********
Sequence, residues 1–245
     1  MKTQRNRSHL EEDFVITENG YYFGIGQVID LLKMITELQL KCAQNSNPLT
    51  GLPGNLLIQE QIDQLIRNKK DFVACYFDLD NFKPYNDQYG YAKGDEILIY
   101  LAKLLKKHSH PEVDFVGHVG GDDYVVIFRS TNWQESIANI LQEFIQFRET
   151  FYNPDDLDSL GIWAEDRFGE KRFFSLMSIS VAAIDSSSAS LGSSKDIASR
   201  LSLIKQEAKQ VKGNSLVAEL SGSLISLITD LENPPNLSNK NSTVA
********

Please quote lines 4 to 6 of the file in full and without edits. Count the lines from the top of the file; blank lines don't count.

   101  LAKLLKKHSH PEVDFVGHVG GDDYVVIFRS TNWQESIANI LQEFIQFRET
   151  FYNPDDLDSL GIWAEDRFGE KRFFSLMSIS VAAIDSSSAS LGSSKDIASR
   201  LSLIKQEAKQ VKGNSLVAEL SGSLISLITD LENPPNLSNK NSTVA